'Man and Camel, & others, animal' by Dominic James is Poem of the Week

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The new Write Out Loud Poem of the Week is ‘Man and Camel, & others, animal’ by Dominic James, a reflection on the poetry of American Mark Strand, pictured, who died in 2014. In his poem, which also summons up Shakespeare and Ovid, Dominic talks of reading Strand’s poetry in a pub in Stratford-upon-Avon, and says that, “despite the bibliography and / too-gay-for-my-taste-black-and-white-vain-old-man’s /photograph adorning the cover … / I found familiar the rhyme and manner, / quite often like mine, only much better.” In a note accompanying the poem, he adds: “Any apparent bitterness over the poet's dust jacket photograph, by the way, reflects more on my ugly-sisterish persona than any ill-will I might have to this urbane American about whom, beyond the second-hand book, I know nothing at all!” Dominic has his first collection, Pilgrim Station, coming out in the autumn with Sentinel Publishing.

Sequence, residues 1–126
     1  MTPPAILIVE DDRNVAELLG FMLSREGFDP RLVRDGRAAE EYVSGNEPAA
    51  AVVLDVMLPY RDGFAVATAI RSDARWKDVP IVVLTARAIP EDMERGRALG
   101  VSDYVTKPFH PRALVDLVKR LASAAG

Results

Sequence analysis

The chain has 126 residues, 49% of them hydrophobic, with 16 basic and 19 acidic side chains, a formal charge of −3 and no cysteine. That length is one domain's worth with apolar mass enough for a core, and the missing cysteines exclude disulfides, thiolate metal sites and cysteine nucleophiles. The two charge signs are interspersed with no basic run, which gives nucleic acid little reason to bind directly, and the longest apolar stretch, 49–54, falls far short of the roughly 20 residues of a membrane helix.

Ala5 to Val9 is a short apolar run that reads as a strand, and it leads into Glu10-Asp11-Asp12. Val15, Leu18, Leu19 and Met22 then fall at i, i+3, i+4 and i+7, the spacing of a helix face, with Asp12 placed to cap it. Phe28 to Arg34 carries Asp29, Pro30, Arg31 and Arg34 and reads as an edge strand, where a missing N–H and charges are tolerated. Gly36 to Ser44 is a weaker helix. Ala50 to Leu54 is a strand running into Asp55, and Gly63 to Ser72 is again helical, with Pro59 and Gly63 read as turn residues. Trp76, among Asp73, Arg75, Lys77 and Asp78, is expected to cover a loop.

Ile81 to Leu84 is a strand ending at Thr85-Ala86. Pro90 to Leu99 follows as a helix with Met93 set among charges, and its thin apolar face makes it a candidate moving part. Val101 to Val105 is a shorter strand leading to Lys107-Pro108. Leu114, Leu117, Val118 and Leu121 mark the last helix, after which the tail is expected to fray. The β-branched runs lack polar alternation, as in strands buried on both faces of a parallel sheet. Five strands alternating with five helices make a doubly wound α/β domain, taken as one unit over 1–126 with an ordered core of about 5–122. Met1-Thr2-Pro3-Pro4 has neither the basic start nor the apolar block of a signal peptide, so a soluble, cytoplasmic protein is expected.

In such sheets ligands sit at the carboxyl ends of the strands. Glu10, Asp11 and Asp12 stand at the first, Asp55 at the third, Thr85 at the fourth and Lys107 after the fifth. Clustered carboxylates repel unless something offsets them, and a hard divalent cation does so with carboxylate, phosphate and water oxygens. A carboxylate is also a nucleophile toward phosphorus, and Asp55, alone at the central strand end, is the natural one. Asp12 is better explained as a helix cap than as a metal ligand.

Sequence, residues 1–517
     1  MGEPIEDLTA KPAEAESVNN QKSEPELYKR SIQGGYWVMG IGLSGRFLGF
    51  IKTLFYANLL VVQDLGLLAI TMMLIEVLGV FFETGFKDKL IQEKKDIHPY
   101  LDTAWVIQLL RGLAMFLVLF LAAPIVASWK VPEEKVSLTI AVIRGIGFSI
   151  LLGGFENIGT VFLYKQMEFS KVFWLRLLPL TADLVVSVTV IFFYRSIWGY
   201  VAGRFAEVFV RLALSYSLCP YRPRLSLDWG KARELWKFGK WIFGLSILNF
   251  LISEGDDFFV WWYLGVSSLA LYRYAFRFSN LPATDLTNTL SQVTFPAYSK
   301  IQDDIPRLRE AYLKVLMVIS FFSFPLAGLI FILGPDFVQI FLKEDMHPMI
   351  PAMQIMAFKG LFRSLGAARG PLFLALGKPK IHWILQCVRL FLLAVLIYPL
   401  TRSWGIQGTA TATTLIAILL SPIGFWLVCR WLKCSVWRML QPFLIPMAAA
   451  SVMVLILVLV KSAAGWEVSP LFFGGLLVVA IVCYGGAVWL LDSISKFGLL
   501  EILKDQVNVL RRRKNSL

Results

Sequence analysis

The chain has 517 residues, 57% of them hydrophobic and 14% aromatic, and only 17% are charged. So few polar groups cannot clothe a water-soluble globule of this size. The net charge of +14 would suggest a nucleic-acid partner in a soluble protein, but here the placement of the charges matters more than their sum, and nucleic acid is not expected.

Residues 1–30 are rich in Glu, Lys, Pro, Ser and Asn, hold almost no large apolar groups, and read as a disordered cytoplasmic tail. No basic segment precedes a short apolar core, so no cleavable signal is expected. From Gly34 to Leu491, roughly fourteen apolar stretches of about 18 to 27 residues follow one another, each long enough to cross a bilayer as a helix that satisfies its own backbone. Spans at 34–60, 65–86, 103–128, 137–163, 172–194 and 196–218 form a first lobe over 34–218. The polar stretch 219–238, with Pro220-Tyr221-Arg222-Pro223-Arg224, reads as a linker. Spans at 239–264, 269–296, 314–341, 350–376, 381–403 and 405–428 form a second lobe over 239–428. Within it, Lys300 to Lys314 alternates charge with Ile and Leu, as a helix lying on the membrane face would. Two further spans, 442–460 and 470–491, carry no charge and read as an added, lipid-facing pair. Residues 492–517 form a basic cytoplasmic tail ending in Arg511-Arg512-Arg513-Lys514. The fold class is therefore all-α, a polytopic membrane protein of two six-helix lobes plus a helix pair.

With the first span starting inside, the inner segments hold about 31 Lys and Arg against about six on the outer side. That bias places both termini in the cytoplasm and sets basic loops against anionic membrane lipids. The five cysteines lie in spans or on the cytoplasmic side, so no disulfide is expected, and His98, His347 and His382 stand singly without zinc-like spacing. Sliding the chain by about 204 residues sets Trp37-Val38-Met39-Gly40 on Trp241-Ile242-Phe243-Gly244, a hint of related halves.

He has been a regular contributor to Write Out Loud for a number of years. Dominic revealed more in his answers to our quick questions:

 

What got you into writing poetry?

Among several influences that converted me to poetry first, perhaps the most essential was a TV programme I caught in the 80s with the actor Stacy Keach, at a window on the snowy, Boston Common reciting Robert Lowell’s luminous poem, ‘For the Union Dead’. My thought was, if we have to speak, let’s speak like that. Not practical, of course, but it made an impression.   

 

How long have you been writing?